presentation of war scenes prohibits heroisation and thematises expectations
to simulations of historical constellations (location and events). 13
Meanwhile in installations with data helmets and data gloves obervers
combine their coordination of body motions under the gravitational force
`seamless´ with the simulation of weightless objects in an illusory
space, the observers in a "CAVE" simulation orientate themselves
at a junction (`seam´) because only a part of their motions in the
narrow real space serves the navigation in the virtual space with a usually
wider simulated depth.
In "responsive environments" (see chap. V.1) observers have
to accomodate their body motions to technical interfaces with installation-specific
designs for explorations of the programmed possibilities to navigate in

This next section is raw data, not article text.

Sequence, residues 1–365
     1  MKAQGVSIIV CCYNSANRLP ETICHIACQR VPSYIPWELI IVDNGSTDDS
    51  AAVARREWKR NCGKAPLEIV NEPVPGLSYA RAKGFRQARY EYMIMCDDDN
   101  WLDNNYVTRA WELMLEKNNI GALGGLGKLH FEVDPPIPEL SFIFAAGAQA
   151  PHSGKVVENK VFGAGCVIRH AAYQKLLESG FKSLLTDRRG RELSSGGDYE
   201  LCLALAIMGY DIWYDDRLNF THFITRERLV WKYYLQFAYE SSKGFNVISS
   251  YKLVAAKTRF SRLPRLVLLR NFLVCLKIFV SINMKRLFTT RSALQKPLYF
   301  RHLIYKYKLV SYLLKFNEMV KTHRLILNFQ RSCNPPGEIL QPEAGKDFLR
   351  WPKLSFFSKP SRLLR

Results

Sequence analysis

the spaces of images. "Responsive environments" can not be explored
without cognitive reconstructions (observing operations, interface 2)
of the consequences that the navigations in the spaces of images have
for the body coordination at or on the technical interface (interface
1): The `seam´ as the coordination of a technical interface with
the cognitive interface (for the self orientation and the coordination
of body actions) provokes the coordination of different requirements of
the space of the image and the image space. The coordination of the two
ways of self orientation via switches from real spaces to spaces of images
and from spaces of images to real spaces (Raumbild/Bildraum, Bildraum/Raumbild)
demands a processual observation of the works modificating cognitive reconceptualisations
several times to integrate new experiences: The body coordination on the
technical interface and the orientation in the space of the image are